Understanding Liver Health
Mar 16, 2023
With the exponentially growing population in the last centuries, diseases have also increased manifold. At one point, serious health ailments like smallpox, polio, and measles spread like wildfire. Though medical healthcare professionals tried to counter them with drugs like antibiotics, many of these infections were untreatable by general methods.
Thus, medical researchers invented vaccines. Vaccination or Immunization is a process to develop immunity in advance by injecting dead or weakened viruses and bacteria to combat any future exposure to harmful pathogens causing deadly diseases .
When deliberately injected with a dead/weakened (modified) micro- organisms, the body produces
antibodies without putting the vaccinated person at any risk. It checks the advances when
the recipient is exposed to the actual pathogens of that disease.
The process of vaccination or immunization dates back to at least the 15th century when people were intentionally exposed to the smallpox virus, a process also known as variolation. The immunization process is so prevalent that the governments and the World Health Organization (WHO) list the compulsory vaccines that need to be administered during childhood to safeguard newborns from those diseases.
Let’s have a look at the seven benefits of immunization:-
Save Children:- Some of the life-threatening diseases have been eliminated entirely from the face of the earth. One such example is polio. Dr Joanas Salk is credited with the invention of the polio vaccine. India, along with ten other countries in the South East Asian Region, was declared polio-free by the WHO (World Health Organization) in 2014. The disease was a major cause of paralysis throughout the world. However, with consistent efforts from both the government and WHO, India finally achieved its target of zero polio cases.
Thus, administering the polio vaccine saved a lot of children during the epidemic as the infection rate gradually decreased and became negligible.
Prevent Future Infections:- Vaccines are efficient in preventing future infections. Inoculating a vaccine might cause temporary discomfort at first but is always better than future pain and trauma caused by the actual disease. The recommended list of immunizations between the years of 0-6 includes safeguarding life-altering ailments such as Hepatitis B, polio, measles, mumps, etc. Though vaccines can cause pain,
tenderness, and redness at the injection site, they are the most efficient way of protecting individuals from future health complications.
Protect Others:- Immunization helps protect oneself from fatal diseases and prevents you from being a transmitter of infections. A lot of children who are considerably young or have a weakened immune system might not be administered a vaccine and are at higher risks of contracting those particular diseases.
Thus, the onus of protecting not only ourselves but also susceptible individuals lies on us. When many people have been inoculated with the vaccine, the disease is unlikely to spread from person to person. It is also known as herd immunity or community immunity. Hence, it is essential for us to take the recommended vaccine within an appropriate time. Saves Time and Money:- Parents can face heavy financial losses when their children contract a serious life-threatening disease. Days of mental turmoil, accompanied by wastage of time and monetary damage, can also take a toll on the family’s health.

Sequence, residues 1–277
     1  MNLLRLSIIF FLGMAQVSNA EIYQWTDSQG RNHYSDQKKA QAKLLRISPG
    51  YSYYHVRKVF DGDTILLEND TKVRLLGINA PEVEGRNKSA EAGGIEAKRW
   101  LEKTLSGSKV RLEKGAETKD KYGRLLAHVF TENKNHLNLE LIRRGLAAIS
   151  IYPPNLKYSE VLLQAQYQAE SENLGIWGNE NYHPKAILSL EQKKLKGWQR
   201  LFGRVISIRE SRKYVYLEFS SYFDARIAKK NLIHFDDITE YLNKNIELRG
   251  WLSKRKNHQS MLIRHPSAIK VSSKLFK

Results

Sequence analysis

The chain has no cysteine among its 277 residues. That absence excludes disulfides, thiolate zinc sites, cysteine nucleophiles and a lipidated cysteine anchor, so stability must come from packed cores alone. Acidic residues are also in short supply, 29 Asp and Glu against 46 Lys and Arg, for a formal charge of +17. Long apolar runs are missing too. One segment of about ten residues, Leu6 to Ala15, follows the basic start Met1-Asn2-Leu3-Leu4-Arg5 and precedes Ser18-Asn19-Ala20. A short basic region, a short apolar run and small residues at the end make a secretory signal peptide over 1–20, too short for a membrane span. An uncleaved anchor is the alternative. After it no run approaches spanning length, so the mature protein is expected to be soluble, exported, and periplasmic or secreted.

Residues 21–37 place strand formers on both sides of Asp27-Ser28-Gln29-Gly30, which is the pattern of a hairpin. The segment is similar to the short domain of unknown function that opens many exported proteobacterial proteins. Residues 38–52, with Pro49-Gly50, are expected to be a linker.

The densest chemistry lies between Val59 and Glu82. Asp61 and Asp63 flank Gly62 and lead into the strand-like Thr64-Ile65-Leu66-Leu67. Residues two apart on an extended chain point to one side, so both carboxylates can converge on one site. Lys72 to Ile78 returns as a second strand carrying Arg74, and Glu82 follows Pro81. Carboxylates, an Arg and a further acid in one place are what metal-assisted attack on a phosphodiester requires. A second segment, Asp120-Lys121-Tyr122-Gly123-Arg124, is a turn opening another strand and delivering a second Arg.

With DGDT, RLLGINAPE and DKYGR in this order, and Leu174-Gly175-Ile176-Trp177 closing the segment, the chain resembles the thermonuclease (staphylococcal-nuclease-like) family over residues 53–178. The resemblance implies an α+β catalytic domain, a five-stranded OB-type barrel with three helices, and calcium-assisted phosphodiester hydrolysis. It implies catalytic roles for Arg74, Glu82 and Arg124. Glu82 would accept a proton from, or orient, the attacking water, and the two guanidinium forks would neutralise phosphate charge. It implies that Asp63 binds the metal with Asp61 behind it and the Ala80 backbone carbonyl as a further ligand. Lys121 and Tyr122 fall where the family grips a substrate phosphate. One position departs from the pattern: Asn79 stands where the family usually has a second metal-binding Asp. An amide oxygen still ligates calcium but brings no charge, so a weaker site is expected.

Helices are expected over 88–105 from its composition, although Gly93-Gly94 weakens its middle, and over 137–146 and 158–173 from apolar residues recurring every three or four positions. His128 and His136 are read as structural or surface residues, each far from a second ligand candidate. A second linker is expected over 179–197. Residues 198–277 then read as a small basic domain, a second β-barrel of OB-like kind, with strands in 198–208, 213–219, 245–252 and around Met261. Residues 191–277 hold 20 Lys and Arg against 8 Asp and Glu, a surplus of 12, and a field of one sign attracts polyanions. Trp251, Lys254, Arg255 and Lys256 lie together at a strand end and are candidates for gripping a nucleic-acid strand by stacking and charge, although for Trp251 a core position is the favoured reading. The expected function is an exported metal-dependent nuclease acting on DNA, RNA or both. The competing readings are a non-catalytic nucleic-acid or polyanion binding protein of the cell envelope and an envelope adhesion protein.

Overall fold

Thus, as the old adage goes, “Prevention is better than cure”- one can save money and time by following the protocols laid down by healthcare professionals and securing their family against any possible impairment.
Protect Foetus:- Rubella infection in pregnant women may lead to fetal loss or defects. So vaccination against Rubella in girls may protect fetus during their pregnancy. Vaccination of children and pregnant women against detrimental diseases has been responsible for keeping the infection within control. Eradicate Deadly Outbreaks:- Vaccines have thwarted epidemics of various diseases such as measles, mumps and whooping cough. One can still recollect the smallpox epidemic that broke out in 1974 before being eradicated three years later. The outbreak affected nearly 15,000 people who died between January and May 1974, when the “Target Zero” program was started to eliminate the contagion entirely. Once the country was declared smallpox-free, India launched the National Immunization program called the Expanded Programme of Immunization (EPI) with the introduction of BCG, OPV, DPT, and typhoid-paratyphoid vaccines.
Decrease in Mortality Rate:- Vaccination is said to decrease mortality rates in communities. Timely administration of the COVID-19 vaccine accompanied by the booster shot also contributed to controlling the contagious disease. Most individuals who contracted the virus showed minor symptoms after vaccination instead of lethal clinical issues. Demand for oxygen and hospitalisation rate also reduced drastically after immunization, reducing the mortality rate.
Immunisation has been instrumental in controlling fatal ailments and preventing their
outbursts. The world is currently combating the deadly COVID-19 pandemic. Vaccines,
after a lot of trials and testing, have been administered to individuals.
We have witnessed and survived unprecedented times during the past three years, and
scientists, along with medical professionals, are continuously breaking barriers to save
humankind from any future life-threatening infections